Kalayaan, Palawan

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Municipality of Kalayaan
Flag of Kalayaan
Official seal of Kalayaan
Map of Palawan with Kalayaan highlighted
Map of Palawan with Kalayaan highlighted
Kalayaan is located in Philippines
Location in the West Philippine Sea and the Philippines
Kalayaan is located in South China Sea
Kalayaan (South China Sea)
Kalayaan is located in Southeast Asia
Kalayaan (Southeast Asia)
Coordinates: 11°03′09″N 114°17′04″E / 11.052553°N 114.284564°E / 11.052553; 114.284564Coordinates: 11°03′09″N 114°17′04″E / 11.052553°N 114.284564°E / 11.052553; 114.284564
District 1st district
FoundedJune 11, 1978
Barangays1 (Pag-asa)
 • TypeSangguniang Bayan
 • MayorRoberto M. del Mundo
 • Vice MayorHermoso A. Ornopia
 • RepresentativeFranz Josef George E. Alvarez
 • Electorate391 voters (2019)
 • Total290.00 km2 (111.97 sq mi)
0 m (0 ft)
Highest elevation
14 m (46 ft)
Lowest elevation
0 m (0 ft)
 (2020 census) [3]
 • Total193
 • Density0.67/km2 (1.7/sq mi)
 • Households
 • Income class5th municipal income class
 • Revenue₱59,743,684.44 (2016)
Service provider
 • ElectricityKalayaan Municipal Electric System (KAMES)
Time zoneUTC+8 (PST)
ZIP code
IDD:area code+63 (0)48
Climate typetropical climate
Native languagesPalawano

Kalayaan, officially the Municipality of Kalayaan (Tagalog: Bayan ng Kalayaan), is a 5th class municipality in the West Philippine Sea under the jurisdiction of the province of Palawan, Philippines. According to the 2020 census, it has a population of 193 people. [3]

Part of the Spratly Islands, situated within the West Philippine Sea, the Kalayaan municipality, which includes Pag-asa Island (the administrative center of Kalayaan Island Group) is 280 nautical miles north-west of Puerto Princesa and 932 kilometres (579 mi) south-west of Metro Manila. It consists of a single barangay located on Pag-asa Island, which also serves as the seat of the municipal government. It is the least populated municipality in the Philippines. Kalayaan's annual budget is 47 million pesos (about $1.1 million).[4]

Kalayaan municipality has an airstrip, a naval port, a five-bed lying-in clinic, a police station, a coast guard station, and a small elementary school.[5]

Formerly an exclusively military installation, Pag-asa Island was opened to civilian settlement in 2002.[5][6]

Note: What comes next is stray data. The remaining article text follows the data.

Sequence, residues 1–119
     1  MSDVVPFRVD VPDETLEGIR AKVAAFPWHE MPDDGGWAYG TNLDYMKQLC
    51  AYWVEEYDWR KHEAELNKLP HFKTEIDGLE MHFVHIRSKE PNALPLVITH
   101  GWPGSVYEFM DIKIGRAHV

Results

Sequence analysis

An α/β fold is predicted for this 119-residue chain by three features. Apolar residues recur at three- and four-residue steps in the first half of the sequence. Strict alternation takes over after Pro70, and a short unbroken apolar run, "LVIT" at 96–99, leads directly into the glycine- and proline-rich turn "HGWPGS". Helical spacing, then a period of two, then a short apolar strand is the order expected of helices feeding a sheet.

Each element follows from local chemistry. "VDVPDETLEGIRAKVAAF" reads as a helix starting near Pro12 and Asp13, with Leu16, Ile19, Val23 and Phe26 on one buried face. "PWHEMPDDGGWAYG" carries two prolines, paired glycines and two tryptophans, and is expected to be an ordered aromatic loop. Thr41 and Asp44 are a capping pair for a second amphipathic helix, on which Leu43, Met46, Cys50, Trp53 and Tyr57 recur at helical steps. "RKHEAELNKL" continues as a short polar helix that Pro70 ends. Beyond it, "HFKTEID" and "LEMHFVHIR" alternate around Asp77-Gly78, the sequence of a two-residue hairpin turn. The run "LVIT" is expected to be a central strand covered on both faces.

There are records of the island having been inhabited, at various times in history, by the Chinese and by people from Champa in present-day Vietnam, and during the Second World War by French Indochina and Imperial Japanese troops.[7][8][9] However, there were no large settlements on these islands until 1956, when Filipino lawyer, businessman, adventurer and fishing magnate Tomás Cloma decided to "claim" a part of the Spratly Islands as his own, naming it the "Free Territory of Freedomland".[10]

In 1946, Vice President Elpidio Quirino reiterated the "New Southern Islands", the forerunner name for Kalayaan, as part of the Philippines.[11]

In 1947, Tomás Cloma "discovered" a group of several uninhabited and unoccupied islands/islets in the vastness of the Luzon Sea.[11]

On May 11, 1956, together with forty men, Cloma took formal possession of the islands, lying some 380 miles (610 km) west of the southern end of Palawan and named them the "Free Territory of Freedomland". Four days later, Cloma issued and posted copies of his "Notice to the Whole World" on each of the islands as "a decisive manifestation of unwavering claim over the territory".[12]

On May 31, 1956, Cloma declared the establishment of the Free Territory of Freedomland, ten days after sending his second representation to the Philippine Secretary of Foreign Affairs, informing the latter that the territory claimed was named "Freedomland".[12]

On July 6, 1956, Cloma declared his claim to the whole world and the establishment of a separate government for the "Free Territory of Freedomland" with its capital on Flat Island (Patag Island). His declaration was met with violent and unfriendly reactions from several neighboring countries especially the Republic of China (ROC; on Taiwan since 1949), when it effectively garrisoned the nearby island of Itu Aba and intercepted Cloma's men and vessels found within its immediate waters on September 24, 1956.

In 1974, Cloma ceded his rights over the islands for one peso, after being imprisoned by Ferdinand Marcos.[13]